The final installment of our 2019 summer guide is the Know Your Opponent series. We’ll take you through Northwestern’s fall schedule week-by-week, outlining the strengths and weaknesses of each opponent and identifying some key players to look out for. The series serves as a way for us to evaluate and take stock of the team’s upcoming opponents.
Up first is Stanford, who you’ll remember from 2015, when Clayton Thorson debuted as the Wildcats’ starting quarterback. NU grinded out a big 16-6 win, setting the tone for a ten win season. This year, the Cardinal return without two lethal offensive game-changers in JJ Arcega-Whiteside and Bryce Love, a 2017 Heisman nominee. However, Stanford does have senior quarterback KJ Costello and a plethora of talented options. Let’s take a look at Northwestern’s opening challenge.
Returning production: 54 percent (Offense 45 percent, Defense 63 percent)
2018 record: 9-4 (6-3 PAC)
Coach: David Shaw
The following metrics are courtesy of Bill Connelly and Football Outsiders (and now ESPN!). You can read more about the rankings and theory behind them here.
2018 S&P+ Overall: 26th
2018 S&P+ Offense: 26th
2018 S&P+ Defense: 43rd
The Cardinal opened the season with four straight wins, earning themselves a top ten ranking. Stanford was seventh in the nation as they entered a big matchup with Notre Dame in South Bend. The Irish easily handled them, though, and the team proceeded to drop their next game to Utah as well.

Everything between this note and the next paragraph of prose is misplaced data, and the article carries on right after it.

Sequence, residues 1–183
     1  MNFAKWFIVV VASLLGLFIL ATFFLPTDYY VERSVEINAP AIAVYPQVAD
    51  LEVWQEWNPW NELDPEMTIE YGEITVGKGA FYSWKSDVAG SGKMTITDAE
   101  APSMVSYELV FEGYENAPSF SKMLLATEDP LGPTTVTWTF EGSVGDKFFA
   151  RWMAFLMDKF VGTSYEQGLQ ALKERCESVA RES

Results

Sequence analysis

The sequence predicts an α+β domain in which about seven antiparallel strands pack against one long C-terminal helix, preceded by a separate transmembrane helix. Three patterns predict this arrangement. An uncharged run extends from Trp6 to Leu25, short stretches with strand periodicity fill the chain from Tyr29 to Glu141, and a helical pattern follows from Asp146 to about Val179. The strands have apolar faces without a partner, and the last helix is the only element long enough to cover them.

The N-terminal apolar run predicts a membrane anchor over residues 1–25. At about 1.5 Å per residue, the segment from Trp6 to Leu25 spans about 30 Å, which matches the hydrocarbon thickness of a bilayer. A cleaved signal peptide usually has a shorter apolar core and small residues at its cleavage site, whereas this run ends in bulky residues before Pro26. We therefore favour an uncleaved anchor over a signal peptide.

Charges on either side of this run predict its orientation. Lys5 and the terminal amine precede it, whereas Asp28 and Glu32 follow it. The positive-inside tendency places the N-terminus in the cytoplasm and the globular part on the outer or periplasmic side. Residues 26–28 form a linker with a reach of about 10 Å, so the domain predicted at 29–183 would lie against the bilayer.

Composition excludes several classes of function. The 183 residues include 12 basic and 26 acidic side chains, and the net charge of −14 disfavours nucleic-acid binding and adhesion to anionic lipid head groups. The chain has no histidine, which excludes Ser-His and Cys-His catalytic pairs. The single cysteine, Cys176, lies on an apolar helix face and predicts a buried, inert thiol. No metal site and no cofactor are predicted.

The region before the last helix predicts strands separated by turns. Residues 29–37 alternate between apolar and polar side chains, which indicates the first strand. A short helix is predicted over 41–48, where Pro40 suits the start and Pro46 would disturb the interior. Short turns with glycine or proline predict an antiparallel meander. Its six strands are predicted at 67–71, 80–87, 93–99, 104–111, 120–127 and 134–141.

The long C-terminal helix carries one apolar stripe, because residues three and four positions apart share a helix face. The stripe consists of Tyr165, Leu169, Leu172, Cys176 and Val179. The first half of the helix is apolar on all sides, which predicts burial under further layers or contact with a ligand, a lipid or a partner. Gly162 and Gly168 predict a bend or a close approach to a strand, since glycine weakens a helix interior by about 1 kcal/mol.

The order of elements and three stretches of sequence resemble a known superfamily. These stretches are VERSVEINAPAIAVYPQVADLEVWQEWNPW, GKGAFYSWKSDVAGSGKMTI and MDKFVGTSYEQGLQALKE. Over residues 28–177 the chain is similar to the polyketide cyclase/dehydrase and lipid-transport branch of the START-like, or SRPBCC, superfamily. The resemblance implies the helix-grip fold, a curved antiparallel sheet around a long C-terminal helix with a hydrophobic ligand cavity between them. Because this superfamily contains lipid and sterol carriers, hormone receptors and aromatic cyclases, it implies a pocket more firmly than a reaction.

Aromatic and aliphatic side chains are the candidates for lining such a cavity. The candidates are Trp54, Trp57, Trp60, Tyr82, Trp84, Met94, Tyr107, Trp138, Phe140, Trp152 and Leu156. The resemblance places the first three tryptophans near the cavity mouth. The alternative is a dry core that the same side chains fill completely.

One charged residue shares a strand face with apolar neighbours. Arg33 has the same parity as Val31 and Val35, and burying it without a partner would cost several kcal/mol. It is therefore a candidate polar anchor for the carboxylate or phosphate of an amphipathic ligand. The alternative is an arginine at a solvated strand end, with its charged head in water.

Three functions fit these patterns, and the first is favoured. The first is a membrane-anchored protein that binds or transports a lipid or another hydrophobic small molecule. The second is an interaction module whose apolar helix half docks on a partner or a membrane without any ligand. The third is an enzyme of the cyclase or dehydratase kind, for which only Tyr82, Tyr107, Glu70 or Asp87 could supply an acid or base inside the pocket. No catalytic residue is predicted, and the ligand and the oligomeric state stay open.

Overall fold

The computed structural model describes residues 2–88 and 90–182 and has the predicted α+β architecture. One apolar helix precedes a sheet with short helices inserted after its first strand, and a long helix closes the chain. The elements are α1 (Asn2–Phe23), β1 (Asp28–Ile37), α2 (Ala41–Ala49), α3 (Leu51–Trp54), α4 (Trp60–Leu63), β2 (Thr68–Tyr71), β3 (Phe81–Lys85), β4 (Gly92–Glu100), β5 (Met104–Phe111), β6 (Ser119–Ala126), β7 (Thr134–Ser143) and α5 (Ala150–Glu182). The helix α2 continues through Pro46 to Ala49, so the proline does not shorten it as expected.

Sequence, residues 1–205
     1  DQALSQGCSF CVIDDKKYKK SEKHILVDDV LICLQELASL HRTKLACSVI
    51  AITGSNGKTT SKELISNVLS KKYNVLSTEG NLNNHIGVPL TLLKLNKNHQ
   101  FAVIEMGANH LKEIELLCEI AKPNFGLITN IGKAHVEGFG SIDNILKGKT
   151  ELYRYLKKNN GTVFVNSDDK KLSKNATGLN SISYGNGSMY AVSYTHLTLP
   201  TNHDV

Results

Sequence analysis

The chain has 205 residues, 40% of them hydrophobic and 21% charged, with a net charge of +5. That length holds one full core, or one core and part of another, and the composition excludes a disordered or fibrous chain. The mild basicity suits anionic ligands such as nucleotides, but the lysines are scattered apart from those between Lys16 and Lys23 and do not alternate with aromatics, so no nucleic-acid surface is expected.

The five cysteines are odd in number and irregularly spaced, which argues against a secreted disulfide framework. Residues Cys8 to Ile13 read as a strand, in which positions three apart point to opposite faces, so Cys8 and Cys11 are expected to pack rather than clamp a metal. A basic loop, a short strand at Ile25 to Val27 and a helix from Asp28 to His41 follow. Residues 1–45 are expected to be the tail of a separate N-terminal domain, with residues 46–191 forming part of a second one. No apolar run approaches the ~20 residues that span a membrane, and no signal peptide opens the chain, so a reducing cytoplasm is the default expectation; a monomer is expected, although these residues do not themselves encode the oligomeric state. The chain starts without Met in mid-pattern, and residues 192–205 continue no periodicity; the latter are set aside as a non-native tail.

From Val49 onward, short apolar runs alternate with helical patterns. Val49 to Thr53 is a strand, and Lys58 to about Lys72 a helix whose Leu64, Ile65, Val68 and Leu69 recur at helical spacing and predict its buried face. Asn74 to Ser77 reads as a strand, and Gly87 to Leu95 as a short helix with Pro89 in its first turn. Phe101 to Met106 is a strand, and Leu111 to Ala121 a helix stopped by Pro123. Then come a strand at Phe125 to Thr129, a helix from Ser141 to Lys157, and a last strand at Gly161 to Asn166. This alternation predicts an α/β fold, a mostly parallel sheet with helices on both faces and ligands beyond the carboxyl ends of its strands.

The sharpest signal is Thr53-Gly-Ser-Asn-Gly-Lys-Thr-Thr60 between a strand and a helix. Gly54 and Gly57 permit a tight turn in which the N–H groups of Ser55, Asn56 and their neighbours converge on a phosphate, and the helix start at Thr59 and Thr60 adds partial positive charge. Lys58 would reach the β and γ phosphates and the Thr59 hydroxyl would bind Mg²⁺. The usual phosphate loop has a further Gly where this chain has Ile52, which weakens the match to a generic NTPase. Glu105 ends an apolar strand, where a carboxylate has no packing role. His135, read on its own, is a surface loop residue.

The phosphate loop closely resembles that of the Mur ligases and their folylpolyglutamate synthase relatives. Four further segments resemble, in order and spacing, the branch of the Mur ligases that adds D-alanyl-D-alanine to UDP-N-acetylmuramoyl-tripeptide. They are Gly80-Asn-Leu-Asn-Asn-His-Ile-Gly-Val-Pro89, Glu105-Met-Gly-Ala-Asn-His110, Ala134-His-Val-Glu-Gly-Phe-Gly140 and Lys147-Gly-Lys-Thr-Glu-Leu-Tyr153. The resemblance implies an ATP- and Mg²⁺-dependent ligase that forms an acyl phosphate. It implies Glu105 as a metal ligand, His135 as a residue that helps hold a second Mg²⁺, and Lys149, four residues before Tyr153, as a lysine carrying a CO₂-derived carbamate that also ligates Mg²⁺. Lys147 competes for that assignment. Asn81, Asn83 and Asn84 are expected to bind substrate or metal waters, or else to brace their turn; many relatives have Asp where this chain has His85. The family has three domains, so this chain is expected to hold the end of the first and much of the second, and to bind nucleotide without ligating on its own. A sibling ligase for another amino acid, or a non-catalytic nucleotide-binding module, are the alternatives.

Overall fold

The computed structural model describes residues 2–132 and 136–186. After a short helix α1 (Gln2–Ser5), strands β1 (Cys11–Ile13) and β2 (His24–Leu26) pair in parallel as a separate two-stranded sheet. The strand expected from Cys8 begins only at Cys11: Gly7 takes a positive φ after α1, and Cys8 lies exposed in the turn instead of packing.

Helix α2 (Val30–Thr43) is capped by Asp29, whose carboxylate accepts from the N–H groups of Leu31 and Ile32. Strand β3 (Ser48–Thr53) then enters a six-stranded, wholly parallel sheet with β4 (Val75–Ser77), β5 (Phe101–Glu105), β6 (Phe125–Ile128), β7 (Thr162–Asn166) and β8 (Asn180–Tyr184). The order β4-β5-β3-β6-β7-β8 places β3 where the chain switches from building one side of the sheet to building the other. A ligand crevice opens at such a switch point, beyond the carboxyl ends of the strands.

A win against Arizona State was sandwiched by two more losses, and suddenly Stanford was 5-4. The Cardinal pulled out three wins to close out the regular season, before beating Pittsburgh 14-13 in the Sun Bowl. In the end, it wasn’t the season they were looking for, but closing out the year with four consecutive victories marked a solid finish that may bring some momentum into 2019.
Four players on the 2018 team were drafted into the NFL, including Arcega-Whiteside and Love. Linebacker Bobby Okereke, punter Jake Bailey and tight end Kaden Smith also got the call. Overall, the Cardinal averaged 273 yards in the air and 108 on the ground, and conceded 410 yards per game.
Stanford had a solid offense in 2018, but the unit didn’t put up staggering numbers. 381 yards per game was good for 76th in the country, and their 28 points per game placed 59th in the nation.
Headlining the group is Costello, a six-foot-five quarterback that threw for 29 touchdowns and 11 picks last year. The senior is projected to go anywhere from the first round to deep in Day Three in next year’s draft, but he has a chance to boost his stock significantly with a productive season.
Though Stanford lost its two most prized weapons to the NFL, Costello will have plenty of able targets. But his options don’t have quite as much experience as one would like. Sophomore Michael Wilson is coming off of a 14-catch season where he accumulated 126 yards, and junior Connor Wedington is likely the next best available at wide receiver. He had nine catches for 65 yards last year, but had 31 for 243 in his freshman campaign. Stanford’s top pass-catcher will likely be big tight end Colby Parkinson, who had the most catches of any returning target. The six-foot-seven junior is on the Mackey Award watch list and has breakout potential.